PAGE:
Gift Giving Etiquette in Asia And Symbol Of Lucky & Health

We have all experienced first-hand the nerves of selecting the perfect gift for your intended recipient. What will they like? Is it valuable enough? Is it not valuable enough? Is it going to be offensive?

Understanding gift-giving etiquette is essential to success, and everywhere, expectations differ substantially. Although different countries in Asia all have their own unwritten rules and regulations, many of them are consistent on certain rules.

When you have been invited to attend someone’s house, it is customary to bring with you a gift. But first, it is exploring exactly what exactly to bring.


Gift-giving in Asia is, by all accounts, a sacred act whereby people choose to show gratitude, often for hospitable acts in a special way. When you’re invited to someone’s house, it is normal to turn up wielding a small gift to thank them for the invite, and the hospitality they provide throughout the event.

Gratitude is incredibly important for many people in Asia. When you give someone a gift, you may not always receive one in return and certainly not in that particular instance, but you will almost certainly be met by appreciation, whether that is through the form of a simple thank you, or even a small letter. At future events, you may find, especially if you are the one hosting, that the very same person may gift you with something even larger, or more valuable; a further sign of their appreciation.

Top tip: If you are gifting and individual, make sure to pull them aside and gift them alone rather than in a group setting.


There are no guarantees when it comes to gifting someone, but it is important to understand the setting you are gifting someone in. For example, if you are gifting a family for hosting an event, you need to consider whether the gift you choose is something that can be appreciated by all members of the family. Rather than spending too much time worrying about the cost of the gift, spend more time thinking about the sentiment behind it.

Gift ideas include, but are not limited to:

  • A sentimental item from the giver’s home.
  • Books.
  • Toys, if buying for children.
  • Premium quality pens.
  • An item that reflects the receiver’s interests.
  • Speciality tea.
  • Photographs, or artwork.
  • Crafts and items from other cultures.
  • Useful kitchen items.

The gifts that you should try to avoid include:

  • Sharp objects
  • Candy, if in a formal setting.
  • Clocks, handkerchiefs and towels (commonly given during funeral events so, therefore, a reminder of negative memories).
  • Umbrellas (they can be seen as a sign of ending a friendship).

With certain gifts, it is best to aim to limit when you gift them because they should only be given in certain circumstances. If, for example, you wish to gift flowers, it is best to leave it to the florist to arrange because they can advise you as to the most appropriate varieties and which colours to avoid (white and yellow is reserved for funerals, so you definitely do not want to be giving them to your receiver).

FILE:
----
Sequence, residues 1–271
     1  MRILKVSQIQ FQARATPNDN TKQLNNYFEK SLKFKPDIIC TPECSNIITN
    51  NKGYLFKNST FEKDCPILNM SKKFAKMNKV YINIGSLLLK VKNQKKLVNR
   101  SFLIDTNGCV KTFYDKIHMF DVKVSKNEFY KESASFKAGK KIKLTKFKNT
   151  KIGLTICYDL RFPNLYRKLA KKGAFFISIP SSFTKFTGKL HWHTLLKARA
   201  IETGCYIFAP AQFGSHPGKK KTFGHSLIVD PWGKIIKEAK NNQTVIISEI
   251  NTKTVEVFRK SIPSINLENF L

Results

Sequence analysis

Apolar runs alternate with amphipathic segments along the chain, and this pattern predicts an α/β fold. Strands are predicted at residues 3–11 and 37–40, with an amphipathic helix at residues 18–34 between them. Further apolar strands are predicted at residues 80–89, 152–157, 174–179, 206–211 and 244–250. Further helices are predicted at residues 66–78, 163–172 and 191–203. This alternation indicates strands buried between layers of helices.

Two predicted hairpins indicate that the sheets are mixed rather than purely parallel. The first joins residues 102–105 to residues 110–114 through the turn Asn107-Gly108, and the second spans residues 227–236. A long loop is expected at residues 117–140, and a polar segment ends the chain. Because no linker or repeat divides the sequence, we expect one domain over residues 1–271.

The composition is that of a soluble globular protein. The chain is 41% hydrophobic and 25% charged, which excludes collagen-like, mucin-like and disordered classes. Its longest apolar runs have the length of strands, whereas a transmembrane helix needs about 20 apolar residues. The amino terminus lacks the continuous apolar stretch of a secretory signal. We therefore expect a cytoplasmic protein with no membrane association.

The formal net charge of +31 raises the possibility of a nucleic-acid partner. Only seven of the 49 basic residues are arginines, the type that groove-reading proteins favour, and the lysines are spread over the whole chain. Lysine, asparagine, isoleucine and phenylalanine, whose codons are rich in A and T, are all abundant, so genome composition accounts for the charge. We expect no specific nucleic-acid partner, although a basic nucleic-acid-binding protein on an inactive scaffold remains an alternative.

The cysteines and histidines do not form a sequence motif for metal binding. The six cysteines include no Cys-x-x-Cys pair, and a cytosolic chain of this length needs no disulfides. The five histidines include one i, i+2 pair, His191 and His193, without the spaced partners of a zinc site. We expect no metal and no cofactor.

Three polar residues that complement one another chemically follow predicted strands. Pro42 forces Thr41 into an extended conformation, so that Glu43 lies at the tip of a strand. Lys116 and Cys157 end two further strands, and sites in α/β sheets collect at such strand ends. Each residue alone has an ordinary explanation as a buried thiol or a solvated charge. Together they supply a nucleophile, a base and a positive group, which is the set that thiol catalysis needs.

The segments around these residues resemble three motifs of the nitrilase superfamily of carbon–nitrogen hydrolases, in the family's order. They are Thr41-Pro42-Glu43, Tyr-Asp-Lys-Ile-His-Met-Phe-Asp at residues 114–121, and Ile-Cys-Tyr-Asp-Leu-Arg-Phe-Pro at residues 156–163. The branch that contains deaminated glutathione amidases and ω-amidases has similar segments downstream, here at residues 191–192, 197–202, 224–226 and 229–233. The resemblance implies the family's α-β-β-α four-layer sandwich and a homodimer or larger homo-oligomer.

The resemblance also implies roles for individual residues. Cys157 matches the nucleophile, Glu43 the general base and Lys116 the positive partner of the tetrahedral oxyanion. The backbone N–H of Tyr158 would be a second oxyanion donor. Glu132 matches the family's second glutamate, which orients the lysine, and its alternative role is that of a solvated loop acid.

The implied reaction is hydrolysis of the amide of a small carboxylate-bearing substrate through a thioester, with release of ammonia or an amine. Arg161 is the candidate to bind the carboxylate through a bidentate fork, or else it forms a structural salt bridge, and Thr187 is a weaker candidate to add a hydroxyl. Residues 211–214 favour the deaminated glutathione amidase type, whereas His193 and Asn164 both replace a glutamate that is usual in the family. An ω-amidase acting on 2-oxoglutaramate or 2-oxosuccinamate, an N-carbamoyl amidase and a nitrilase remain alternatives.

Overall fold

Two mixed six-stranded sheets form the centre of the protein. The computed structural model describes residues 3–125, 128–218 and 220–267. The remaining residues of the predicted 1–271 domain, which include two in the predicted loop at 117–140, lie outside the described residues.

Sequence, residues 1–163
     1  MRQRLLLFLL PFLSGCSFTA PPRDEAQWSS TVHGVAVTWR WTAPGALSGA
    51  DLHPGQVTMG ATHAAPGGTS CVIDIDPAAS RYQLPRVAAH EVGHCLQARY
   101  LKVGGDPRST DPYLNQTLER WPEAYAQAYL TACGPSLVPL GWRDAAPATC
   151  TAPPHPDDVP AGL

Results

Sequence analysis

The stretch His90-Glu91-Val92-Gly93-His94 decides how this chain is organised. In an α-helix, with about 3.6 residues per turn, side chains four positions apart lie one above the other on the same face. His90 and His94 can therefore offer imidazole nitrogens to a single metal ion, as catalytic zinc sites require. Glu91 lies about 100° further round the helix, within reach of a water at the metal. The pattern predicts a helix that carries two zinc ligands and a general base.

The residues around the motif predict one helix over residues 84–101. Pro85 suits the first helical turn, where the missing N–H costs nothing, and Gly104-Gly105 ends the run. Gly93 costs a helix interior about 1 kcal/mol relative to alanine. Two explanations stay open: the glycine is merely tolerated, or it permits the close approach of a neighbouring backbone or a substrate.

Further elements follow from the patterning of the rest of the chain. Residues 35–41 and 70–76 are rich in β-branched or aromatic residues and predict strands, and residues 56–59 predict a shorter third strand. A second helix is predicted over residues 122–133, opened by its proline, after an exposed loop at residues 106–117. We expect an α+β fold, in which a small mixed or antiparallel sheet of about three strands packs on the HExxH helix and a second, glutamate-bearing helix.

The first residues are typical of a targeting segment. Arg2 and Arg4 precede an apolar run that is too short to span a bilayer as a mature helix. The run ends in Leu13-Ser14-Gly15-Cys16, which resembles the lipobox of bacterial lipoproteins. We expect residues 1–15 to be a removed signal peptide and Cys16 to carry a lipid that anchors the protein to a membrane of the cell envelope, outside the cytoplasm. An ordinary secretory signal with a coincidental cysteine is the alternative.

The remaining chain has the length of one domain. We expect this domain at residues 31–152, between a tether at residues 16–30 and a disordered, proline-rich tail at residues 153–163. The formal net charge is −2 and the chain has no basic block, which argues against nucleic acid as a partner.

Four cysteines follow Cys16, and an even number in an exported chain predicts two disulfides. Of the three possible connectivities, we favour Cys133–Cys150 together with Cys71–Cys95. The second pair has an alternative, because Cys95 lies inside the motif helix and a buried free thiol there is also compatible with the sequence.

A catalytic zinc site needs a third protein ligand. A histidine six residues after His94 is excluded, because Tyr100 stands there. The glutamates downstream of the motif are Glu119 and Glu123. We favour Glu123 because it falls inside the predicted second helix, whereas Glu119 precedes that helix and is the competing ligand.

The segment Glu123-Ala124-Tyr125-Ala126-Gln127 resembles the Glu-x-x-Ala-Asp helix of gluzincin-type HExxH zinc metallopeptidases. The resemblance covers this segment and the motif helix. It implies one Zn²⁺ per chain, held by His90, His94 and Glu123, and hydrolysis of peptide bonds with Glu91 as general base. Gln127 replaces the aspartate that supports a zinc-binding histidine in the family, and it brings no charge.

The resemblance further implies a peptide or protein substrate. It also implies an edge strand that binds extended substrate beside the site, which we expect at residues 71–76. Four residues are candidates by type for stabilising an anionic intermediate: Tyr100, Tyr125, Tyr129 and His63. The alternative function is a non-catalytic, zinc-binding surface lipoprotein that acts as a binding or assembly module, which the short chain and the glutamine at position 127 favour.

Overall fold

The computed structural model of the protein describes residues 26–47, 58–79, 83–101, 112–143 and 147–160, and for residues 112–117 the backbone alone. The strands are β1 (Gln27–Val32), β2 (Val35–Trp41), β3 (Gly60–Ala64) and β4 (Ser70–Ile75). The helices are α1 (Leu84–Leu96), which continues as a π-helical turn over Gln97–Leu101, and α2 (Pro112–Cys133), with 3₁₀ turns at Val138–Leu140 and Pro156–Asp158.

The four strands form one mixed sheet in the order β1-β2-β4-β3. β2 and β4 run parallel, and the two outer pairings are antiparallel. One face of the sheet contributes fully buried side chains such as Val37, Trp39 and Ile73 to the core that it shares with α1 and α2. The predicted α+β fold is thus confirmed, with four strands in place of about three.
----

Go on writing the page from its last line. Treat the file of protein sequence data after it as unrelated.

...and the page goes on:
Make sure to take extra care to spruce up your gift before you give it to your receiver. Through simple touches such as applying ribbon and placing them in decorated gift wrapping/boxes, you increase the sentimental value of the gift. Colour is incredibly important in Asian culture so being conscious of the best colours to incorporate into the presentation of your gift is paramount. Red is the best colour to use because it matches all occasions, pink is also a favoured colour, gold and silver are great choices, especially for weddings. Always try to avoid blue, black or white because they’re often associated with funerals.

Numbers are also an incredibly important consideration when it comes to gift-giving in Asia. Much like the Western world, Asian countries have their own superstitions that guide the choices they make. You should always avoid unlucky numbers while considering which numbers are depicted to bring good luck. When it comes to positive interpretations, aim for even numbers and the number 8, while explicitly avoiding the number 4, 73 and 84 which represent bad luck.


  • Always remain humble, even if the gift you have bought is particularly extravagant. Making it seem like it was nothing is polite.
  • Don’t ask to photograph your receiver with the gift, it gives off the aura that you went above and beyond to provide the gift.
  • Don’t be surprised if the receiver rejects your gift a few times, initially. This is perfectly normal, and not something to be offended by. It does not mean they are not grateful for what you have given.
  • Don’t be offended if the receiver puts your gift aside to open later, rather than there and then. Gifts are often a very personal and private thing, so many Asians like to open them by themselves in a private setting.
  • Do not give personal gifts in a business setting, with groups of people. Save personal gifts for one on one interactions.
  • In a business setting, only give a gift after any business transaction has been complete so as not to imply influence on the business dealings.


Etiquette when receiving gifts or quà tặng thương hiệu is equally as important as when you give, so always consider this when you are being given a gift. It is customary for you to politely decline the gift a couple of times before you accept it – but you ultimately must always accept it! When receiving a gift, be sure to take it in both hands and immediately acknowledge the standard of the presentation. It is always worth asking the giver if they would like you to open it now, or whether you can reserve it for later because their own personal customs may differ slightly to yours. And most importantly, always express gratitude!

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